Prices have come way down for the mtFULL-SEQUENCE mtDNA Test. This test is also known as the FMS, which includes the entire mtDNA genome. Taking the full-sequence test is the only way to determine your most refined subclade and where you fit on the mtDNA tree. For all of you who have already tested both HVR1 and HVR2, it will cost only $139 to upgrade to the mtFull Sequence test. For those who have had just HVRI testing, it will cost $159. (And for those who are just now looking at an mtDNA test, it will cost $199 to go straight to the full-sequence test.) After years of seeing the price gradually drop from the heights, it is finally becoming really affordable. This is a great chance to learn more about your particular ancestral mtDNA line. With this, we will be able to make much more accurate assessments of who is related, and which exact subclade you belong to.
Please note: There are now two different reference sequences used for comparing and reporting mutational differences. These are the rCRS and the RSRS. If you notice that your results do not appear to match your subgroup label as shown on the members' Results page or elsewhere, this is because RSRS values are the default presentation. Go to the top of the page and choose the option for rCRS values to be displayed. This should clear up the confusion. If not, let us know.
In the upper left of this web page, you can use the drop-down menu for "About This Group," to access additional pages ("Goals," "News," & "Results") with more information about Haplogroup I and the Project. Or, for your convenience, here are direct links to these pages:
Reference Links and Quotations:
1 Nikitin, A.; Kochkin, I.; June, C.; Willis, C.; McBain, I.; Yideiko, M.; Mitochondrial DNA Sequence Variation in the Boyko, Hutsul, and Lemko Populations of the Carpathian Highlands. Human Biology: The International Journal of Population Genetics and Anthropology, 81 (1), pp. 43-58. BioOne. http://faculty.gvsu.edu/nikitin/HumBiol_09.pdf. (August 14, 2014)
p. 43: "Genetic studies of the distribution of mitochondrial DNA (mtDNA) haplogroups in human populations residing within the Carpathian Mountain range have been scarce. We present an analysis of mtDNA haplogroup composition of the Boykos, Hutsuls, and Lemkos, three population groups of the Carpathian highlands...." p. 49: "The Lemko sample also contained the highest frequency of haplogroup I (11.3%) in Europe, identical to that of the population of Krk Island (Croatia) in the Adriatic Sea (Pericic et al. 2005)."
2 National Geographic, "Your Deep Ancestry" - "Maternal Line" - "Branch: I," database, Dr. Spencer Wells, The Genographic Project (https://genographic.nationalgeographic.com ) accessed August 14, 2014), mtDNA Haplogroup I. (August 14, 2014 / Account needed to view data.)
"Today, this lineage occurs in low frequency in populations throughout western Asia and Europe: Pakistan (8.7 percent), Iran (5 percent), Denmark (6 percent), and Scotland (4 percent). In Europe, recurrent migratory events likely reduced its numbers through competition, yet it is found in most European countries, often a[t] frequencies between 1 and 4 percent. In Africa, this haplogroup has been recently identified in small populations from northern Kenya (Rendille and Elmolo) in frequencies between 15 and 20%."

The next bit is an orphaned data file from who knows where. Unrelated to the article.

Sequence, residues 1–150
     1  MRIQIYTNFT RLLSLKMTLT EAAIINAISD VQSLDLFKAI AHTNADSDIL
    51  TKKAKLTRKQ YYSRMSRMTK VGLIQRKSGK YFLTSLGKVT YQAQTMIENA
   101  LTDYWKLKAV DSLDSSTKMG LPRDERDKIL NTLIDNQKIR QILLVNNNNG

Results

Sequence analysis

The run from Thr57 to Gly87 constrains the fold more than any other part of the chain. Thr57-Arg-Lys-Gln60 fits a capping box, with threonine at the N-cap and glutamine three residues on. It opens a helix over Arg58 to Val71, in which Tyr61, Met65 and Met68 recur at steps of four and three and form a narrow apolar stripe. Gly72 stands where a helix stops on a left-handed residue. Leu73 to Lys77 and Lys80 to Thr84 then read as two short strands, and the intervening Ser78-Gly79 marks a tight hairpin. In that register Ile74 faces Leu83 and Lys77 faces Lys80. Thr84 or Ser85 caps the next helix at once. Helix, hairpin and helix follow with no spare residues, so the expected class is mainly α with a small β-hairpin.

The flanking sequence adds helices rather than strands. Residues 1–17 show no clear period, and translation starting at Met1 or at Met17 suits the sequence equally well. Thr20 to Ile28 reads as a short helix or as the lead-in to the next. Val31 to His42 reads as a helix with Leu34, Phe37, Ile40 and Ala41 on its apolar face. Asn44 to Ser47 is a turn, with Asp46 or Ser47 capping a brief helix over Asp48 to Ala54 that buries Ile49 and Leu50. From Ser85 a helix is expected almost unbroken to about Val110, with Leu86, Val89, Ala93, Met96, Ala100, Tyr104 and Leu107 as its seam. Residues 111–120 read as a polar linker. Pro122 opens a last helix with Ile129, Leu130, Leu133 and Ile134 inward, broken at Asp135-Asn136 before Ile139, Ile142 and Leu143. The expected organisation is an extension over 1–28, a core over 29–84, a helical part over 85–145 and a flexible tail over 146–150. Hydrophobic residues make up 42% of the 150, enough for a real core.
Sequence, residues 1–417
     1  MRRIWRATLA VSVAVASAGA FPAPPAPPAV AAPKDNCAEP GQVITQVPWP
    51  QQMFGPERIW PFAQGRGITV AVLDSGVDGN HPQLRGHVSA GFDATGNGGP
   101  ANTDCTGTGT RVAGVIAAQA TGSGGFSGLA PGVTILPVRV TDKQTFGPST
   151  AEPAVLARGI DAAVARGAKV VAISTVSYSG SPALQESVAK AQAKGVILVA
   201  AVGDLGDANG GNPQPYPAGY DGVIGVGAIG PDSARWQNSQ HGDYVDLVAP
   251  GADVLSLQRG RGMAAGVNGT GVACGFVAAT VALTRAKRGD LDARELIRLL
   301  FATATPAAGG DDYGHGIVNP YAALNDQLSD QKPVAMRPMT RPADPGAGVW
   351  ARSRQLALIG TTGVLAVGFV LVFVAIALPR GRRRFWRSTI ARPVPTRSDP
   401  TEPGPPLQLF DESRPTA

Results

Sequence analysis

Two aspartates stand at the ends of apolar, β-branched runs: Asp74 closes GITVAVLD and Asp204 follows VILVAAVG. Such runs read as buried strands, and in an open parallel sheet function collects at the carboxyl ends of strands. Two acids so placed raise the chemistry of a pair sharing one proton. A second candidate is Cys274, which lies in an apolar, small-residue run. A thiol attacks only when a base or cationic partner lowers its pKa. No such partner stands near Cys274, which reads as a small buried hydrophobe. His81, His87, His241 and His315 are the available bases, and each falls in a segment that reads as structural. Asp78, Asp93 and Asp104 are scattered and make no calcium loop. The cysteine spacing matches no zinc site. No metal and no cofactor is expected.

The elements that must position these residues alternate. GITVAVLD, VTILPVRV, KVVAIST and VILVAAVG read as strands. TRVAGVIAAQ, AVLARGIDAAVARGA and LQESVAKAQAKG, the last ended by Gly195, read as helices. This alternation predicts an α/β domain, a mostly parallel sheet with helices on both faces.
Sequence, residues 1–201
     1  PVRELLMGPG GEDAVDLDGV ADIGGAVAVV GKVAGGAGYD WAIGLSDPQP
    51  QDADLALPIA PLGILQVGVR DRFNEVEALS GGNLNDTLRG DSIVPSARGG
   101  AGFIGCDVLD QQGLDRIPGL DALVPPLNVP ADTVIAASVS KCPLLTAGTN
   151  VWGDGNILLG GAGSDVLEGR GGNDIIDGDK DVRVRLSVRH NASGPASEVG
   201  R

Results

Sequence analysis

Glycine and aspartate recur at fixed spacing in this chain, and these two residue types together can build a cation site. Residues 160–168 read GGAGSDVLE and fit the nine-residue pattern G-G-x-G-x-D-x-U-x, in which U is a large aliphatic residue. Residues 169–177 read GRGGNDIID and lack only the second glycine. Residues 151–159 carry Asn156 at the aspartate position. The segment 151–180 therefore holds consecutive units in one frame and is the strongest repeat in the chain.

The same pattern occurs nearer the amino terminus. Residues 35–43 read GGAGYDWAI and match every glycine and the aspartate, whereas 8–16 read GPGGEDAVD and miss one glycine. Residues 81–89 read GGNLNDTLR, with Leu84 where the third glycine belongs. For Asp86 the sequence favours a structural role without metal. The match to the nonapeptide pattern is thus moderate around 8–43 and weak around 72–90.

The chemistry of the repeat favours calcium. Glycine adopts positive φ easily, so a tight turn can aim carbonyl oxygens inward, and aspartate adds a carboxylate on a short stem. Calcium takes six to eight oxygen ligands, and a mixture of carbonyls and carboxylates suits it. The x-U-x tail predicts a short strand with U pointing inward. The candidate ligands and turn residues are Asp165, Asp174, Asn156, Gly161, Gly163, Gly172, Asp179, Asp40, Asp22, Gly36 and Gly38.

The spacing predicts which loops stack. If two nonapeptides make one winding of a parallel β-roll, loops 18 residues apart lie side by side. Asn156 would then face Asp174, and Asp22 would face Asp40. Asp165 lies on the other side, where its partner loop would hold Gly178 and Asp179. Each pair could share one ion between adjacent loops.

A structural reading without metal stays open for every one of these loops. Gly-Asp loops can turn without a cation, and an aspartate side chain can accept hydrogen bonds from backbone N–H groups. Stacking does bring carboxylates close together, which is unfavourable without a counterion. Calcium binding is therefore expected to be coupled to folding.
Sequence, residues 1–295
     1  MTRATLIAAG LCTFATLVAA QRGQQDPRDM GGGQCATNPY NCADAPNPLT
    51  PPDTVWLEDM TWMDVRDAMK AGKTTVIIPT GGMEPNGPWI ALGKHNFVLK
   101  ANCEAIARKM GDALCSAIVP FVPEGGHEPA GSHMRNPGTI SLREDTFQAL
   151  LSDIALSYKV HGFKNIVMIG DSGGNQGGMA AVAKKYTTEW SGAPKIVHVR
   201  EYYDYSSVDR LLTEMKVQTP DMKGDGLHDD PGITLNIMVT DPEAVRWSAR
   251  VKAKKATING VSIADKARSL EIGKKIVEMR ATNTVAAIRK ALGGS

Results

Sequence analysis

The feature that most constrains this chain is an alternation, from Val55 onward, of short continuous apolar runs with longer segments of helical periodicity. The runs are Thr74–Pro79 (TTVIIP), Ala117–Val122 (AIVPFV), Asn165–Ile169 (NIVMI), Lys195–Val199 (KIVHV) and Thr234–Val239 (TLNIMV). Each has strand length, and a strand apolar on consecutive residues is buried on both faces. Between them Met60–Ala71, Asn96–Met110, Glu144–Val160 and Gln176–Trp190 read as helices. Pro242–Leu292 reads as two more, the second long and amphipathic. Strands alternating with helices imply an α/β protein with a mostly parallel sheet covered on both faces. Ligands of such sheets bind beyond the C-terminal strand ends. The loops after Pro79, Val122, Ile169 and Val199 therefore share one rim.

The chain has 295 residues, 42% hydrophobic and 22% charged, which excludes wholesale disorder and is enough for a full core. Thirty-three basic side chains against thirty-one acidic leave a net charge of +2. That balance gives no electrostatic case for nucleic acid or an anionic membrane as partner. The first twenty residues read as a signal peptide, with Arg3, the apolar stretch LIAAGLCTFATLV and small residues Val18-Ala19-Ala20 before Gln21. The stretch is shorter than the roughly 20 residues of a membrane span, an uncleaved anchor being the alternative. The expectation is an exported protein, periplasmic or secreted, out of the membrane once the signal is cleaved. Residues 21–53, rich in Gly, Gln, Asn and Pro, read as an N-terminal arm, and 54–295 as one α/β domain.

3 Melchior, L.; Kivisild, T.; Lynnerup, N.; Dissing,J. (May 28, 2008). Evidence of Authentic DNA from Danish Viking Age Skeletons Untouched by Humans for 1,000 Years. PLoS ONE 3 (5): e2214. http://www.ncbi.nlm.nih.gov/pmc/articles/PMC2386972/ (May 6, 2013)
"Among present day Scandinavians Hg I constitutes <2% , , however, we have previously observed a markedly higher frequency (10–20%) of Hg I in Danish Iron Age and Viking Age population samples (TableS3) , . With the observation of Hg I for subject G6 this trend is also seen for the Viking population sample from Galgedil. Interestingly, Hg I shows a low frequency (1 out of 114 subjects) among other ancient populations in Italy, Spain, Great Britain, and early central European farmers , , , ." (Melchior 2008)===========================================================
4 Hofreiter, L.; Lynnerup, N.; Siegismund, H.; Kivisild, T.; Dissing, J. (July 30, 2010). Genetic Diversity among Ancient Nordic Populations. PLoSONE 5 (7): e11898. http://www.ncbi.nlm.nih.gov/pmc/articles/PMC2912848/ (May 6, 2013)
"The overall occurrence of haplogroups did not deviate from extant Scandinavians, however, haplogroup I was significantly more frequent among the ancient Danes (average 13%) than among extant Danes and Scandinavians (~2.5%)..."
"We have previously observed a high frequency of Hg I's among Iron Age villagers (Bøgebjerggård) and individuals from the early Christian cemetery, Kongemarken , . Thistrend was also found for the additional sites reported here, Simonsborg, Galgedil and Riisby. The overall frequency of Hg I among the individuals from the Iron Age to the Medieval Age is 13% (7/53) compared to 2.5% for modern Danes . The higher frequencies of Hg I can not be ascribed to maternal kinship, since only two individuals share the same common motif (K2and K7 at Kongemarken). Except for Skovgaarde (no Hg I's observed) frequencies range between 9% and 29% and there seems to be no trend in relation to time." (Hofreiter 2010)
* Below are links to some interesting research articles about the ancient history of our haplogroup:
Mitogenomes From Two Uncommon Haplogroups Mark Late Glacial/Postglacial Expansions From the Near East and Neolithic Dispersals Within Europe
The Arabian Cradle: Mitochondrial Relicts of the First Steps Along the Southern Route Out of Africa
MitoSearch Account Page of an Egyptian Mummy (born 402 B.C.) who belongs to mtDNA Haplogroup I2
Martha Jane (Schliesser) Hicks 2013/2014/2015